Joining FORCES is the FORCE newsletter with news, views and supportive information for individuals concerned about hereditary breast and ovarian cancer.
by Sue Friedman
Presented at the 2006 Joining FORCEs Conference by Dr. Rebecca Sutphen, Associate Professor, Departments of Interdisciplinary Oncology and Pediatrics, H. Lee Moffitt Cancer Center & Research Institute, University of South Florida College of Medicine.
Dr. Sutphen summarized results of the Tampa Bay Ovarian Cancer Study (TBOCS), which examined the prevalence of BRCA mutations in ovarian cancer patients. TBOCS demonstrated that BRCA carriers account for about 14 percent of the most common type of ovarian cancer; certain forms of the disease were unlikely to be due to a mutation.
Dr. Sutphen’s ovarian cancer detection talk focused on her research studying Lysophosphatidic Acid (LPA), a substance found in the pelvic fluid of women with ovarian cancer. LPA is produced by ovarian cancer cells and promotes the growth of tumors, establishing a direct association between this biomarker and ovarian cancer. In her study, 93 percent of the women with ovarian cancer had elevated LPA levels in their blood, compared with healthy women. LPA was elevated in women with early stage cancer, encouraging optimism for use in early detection.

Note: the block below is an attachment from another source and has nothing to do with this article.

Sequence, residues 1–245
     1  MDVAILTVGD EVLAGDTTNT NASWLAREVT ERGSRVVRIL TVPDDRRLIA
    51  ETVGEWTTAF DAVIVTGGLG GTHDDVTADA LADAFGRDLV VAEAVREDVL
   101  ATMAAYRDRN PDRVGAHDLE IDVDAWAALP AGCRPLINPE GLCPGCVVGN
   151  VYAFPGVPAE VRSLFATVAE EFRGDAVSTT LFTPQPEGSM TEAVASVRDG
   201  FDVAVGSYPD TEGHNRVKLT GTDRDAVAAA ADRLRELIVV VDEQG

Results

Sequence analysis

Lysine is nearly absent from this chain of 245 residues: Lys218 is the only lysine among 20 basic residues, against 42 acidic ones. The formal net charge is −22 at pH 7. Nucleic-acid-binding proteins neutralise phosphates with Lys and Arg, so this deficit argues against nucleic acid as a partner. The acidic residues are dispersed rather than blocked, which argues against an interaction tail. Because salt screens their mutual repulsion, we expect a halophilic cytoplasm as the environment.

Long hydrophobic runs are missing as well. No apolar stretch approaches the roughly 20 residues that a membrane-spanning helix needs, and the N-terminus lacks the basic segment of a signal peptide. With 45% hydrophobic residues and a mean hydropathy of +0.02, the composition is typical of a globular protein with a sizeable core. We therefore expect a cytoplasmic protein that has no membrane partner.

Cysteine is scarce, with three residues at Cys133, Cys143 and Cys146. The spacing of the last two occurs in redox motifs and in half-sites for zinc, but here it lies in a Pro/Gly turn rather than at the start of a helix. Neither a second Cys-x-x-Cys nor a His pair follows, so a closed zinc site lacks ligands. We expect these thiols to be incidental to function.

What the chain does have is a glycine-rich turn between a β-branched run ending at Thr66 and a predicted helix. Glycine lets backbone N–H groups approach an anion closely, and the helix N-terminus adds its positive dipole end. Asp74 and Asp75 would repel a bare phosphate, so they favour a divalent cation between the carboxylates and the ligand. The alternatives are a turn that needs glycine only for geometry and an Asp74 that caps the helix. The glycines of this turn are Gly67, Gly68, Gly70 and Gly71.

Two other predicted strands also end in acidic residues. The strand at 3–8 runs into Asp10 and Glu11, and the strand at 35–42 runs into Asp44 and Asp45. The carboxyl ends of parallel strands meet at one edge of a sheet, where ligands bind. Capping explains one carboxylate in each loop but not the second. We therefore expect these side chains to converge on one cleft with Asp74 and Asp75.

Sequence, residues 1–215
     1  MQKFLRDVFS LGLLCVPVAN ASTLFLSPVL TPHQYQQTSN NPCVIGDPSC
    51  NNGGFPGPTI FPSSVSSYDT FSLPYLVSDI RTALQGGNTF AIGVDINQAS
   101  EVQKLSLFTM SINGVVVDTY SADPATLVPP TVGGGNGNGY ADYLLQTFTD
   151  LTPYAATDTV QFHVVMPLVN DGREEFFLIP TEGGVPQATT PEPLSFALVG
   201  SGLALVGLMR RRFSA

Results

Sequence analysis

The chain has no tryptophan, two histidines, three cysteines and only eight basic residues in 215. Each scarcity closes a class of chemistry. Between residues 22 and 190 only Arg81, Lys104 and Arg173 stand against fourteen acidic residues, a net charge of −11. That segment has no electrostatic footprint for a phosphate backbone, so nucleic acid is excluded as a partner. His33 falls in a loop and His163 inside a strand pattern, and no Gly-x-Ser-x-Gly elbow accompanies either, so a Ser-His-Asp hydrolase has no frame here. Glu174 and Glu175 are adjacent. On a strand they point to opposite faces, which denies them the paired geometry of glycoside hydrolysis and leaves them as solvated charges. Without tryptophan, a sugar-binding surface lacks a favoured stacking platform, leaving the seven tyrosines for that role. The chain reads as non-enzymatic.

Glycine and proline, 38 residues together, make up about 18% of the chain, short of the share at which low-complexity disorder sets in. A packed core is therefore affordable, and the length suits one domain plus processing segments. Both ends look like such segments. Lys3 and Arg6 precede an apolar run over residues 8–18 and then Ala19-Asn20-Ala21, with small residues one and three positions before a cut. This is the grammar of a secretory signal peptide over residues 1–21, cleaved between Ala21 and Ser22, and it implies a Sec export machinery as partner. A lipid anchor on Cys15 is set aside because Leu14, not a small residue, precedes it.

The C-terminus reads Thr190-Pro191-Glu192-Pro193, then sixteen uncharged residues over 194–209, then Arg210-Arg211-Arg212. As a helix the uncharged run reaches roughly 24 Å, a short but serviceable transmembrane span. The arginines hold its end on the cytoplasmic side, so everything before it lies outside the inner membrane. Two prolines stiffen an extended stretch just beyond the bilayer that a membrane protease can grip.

Dr. Sutphen emphasized the need for near 100 percent accuracy when screening for ovarian cancer in the general population. In contrast, current recommendations for screening of BRCA carriers and other high-risk individuals include CA125, a less accurate blood test than LPA.
Dr. Sutphen discussed the limitation of taking a purely “proteomic fingerprint” approach to screening, which only looks at protein patterns in the blood of cancer patients without determining the actual substances and their role in cancer. Her research strategy includes a combination of proteomics, protein identification, and nanotechnology to increase the ability to detect small amounts of LPA and other biomarkers. She presented a simplif ed overview of MALDI-TOF, the sophisticated proteomics process used in her research. Despite encouraging preliminary results, Dr. Sutphen believes a reliable blood test for early detection of ovarian cancer won’t be available for at least three years.
Dr. Sutphen was awarded a $3.5 million grant from the National Institute of Health to analyze preoperative blood samples from women with suspected ovarian cancer. The study, which is being performed in collaboration with community physicians, involves collecting blood samples from approximately 1,000 women throughout the Tampa Bay region who are undergoing surgery for suspected ovarian cancer. The goal is to identify proteomic patterns and biomarkers that can distinguish between ovarian cancer patients and healthy controls toward the development of a blood test for ovarian cancer detection.
R Sutphen, Y Xu, GD Wilbanks, J Fiorica, EC Grendys, Jr., JP LaPolla, et al. Lysophospholipids Are Potential Biomarkers of Ovarian Cancer. Cancer Epidemiology Biomarkers & Prevention, July 2004; volume 13, no. 7: p. 1185-1191.
T Pal, J Permuth-Wey, J Betts, J Krischer, J Fiorica, R. Sutphen, et al. BRCA1 and BRCA2 Mutations Account for a Large Proportion of Ovarian Carcinoma Cases. Cancer, November 2005; vol. 104, no.12: p. 2807-2816.